* Canadian dollar at C$1.0897 or 91.77 U.S. cents
* Bond prices lower across the maturity curve
By Leah Schnurr
TORONTO, June 2 The Canadian dollar weakened to
its lowest level in over a week against the greenback on Monday,
despite encouraging economic data out of China as investors were
cautious ahead of a Bank of Canada policy decision later in the
China's factory activity expanded at the fastest pace in
five months in May as new orders rose. The loonie is often
sensitive to developments in China, which is the world's
second-largest economy and a major consumer of natural
But the Canadian dollar entered the day on weak footing,
extending Friday's decline that was prompted by disappointing
domestic economic growth in the first quarter.
Firmer yields for U.S. Treasuries following last week's rout
also gave the U.S. dollar a lift to the detriment of the loonie,
said Scott Smith, senior market analyst at Cambridge Mercantile
Group in Calgary.
Focus was on the Bank of Canada's monetary policy statement
on Wednesday. The central bank has taken a neutral stance since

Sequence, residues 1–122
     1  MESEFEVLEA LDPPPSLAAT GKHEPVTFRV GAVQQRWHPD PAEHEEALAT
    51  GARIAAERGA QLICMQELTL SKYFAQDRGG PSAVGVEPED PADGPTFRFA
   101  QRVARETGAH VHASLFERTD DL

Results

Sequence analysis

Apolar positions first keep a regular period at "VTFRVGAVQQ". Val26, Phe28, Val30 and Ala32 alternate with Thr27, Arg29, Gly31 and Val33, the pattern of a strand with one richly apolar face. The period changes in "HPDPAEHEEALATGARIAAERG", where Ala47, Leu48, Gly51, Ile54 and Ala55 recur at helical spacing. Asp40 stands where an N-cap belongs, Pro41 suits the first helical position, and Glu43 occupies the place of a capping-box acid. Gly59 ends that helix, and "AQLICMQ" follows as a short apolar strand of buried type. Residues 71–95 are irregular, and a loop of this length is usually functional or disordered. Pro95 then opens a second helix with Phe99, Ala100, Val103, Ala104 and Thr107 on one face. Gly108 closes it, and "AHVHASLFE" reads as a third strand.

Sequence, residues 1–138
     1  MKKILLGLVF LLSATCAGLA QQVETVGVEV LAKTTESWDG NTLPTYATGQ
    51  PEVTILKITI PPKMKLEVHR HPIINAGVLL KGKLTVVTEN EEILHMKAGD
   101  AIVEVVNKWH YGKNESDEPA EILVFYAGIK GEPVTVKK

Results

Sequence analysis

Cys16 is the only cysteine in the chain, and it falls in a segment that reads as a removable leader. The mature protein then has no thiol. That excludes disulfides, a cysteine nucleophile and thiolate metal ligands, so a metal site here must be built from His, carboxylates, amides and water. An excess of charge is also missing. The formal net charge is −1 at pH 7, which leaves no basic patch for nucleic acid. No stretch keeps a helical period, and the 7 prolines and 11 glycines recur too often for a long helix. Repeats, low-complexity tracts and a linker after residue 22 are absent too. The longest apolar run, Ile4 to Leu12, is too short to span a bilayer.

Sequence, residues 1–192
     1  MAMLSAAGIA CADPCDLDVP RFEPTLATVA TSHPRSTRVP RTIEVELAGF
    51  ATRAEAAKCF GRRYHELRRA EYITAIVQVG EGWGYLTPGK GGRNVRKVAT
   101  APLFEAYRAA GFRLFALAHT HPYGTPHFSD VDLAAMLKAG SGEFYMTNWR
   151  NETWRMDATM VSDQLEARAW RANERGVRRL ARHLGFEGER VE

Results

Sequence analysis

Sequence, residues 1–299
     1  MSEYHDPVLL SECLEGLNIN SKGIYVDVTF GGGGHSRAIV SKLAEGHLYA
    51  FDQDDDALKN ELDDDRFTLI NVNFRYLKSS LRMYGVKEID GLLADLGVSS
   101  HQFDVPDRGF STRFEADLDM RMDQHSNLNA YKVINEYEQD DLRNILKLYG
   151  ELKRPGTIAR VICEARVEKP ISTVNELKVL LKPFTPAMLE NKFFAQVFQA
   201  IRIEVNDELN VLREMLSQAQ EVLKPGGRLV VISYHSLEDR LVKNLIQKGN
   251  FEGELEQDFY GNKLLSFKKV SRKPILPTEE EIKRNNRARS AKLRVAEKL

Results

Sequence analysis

late last year and has flagged its concerns about the weak
inflation environment, but investors are watching to see if the
bank will alter its tone after the recent pick up in inflation.
"There won't be a huge amount of large positions being taken
heading into the Bank of Canada. That being said, I don't think
we'll see a material deviation from what we've heard previously
from Governor Poloz," said Smith.
"I think that he'll try to stay away from any language that
materially strengthens the Canadian dollar because he knows how
important a weak Canadian dollar is to the export sector and the
economy, and hence the overall recovery in Canada."
The Canadian dollar was at C$1.0897 to the
greenback, or 91.77 U.S. cents, not far from its session low of
C$1.0905. The currency was weaker than Friday's close of
C$1.0842, or 92.23 U.S. cents.
Canadian government bond prices were lower across the
maturity curve, with the two-year down 1-1/2 Canadian
cents to yield 1.061 percent and the benchmark 10-year
was down 31 Canadian cents to yield 2.283 percent.
(Editing by Nick Zieminski)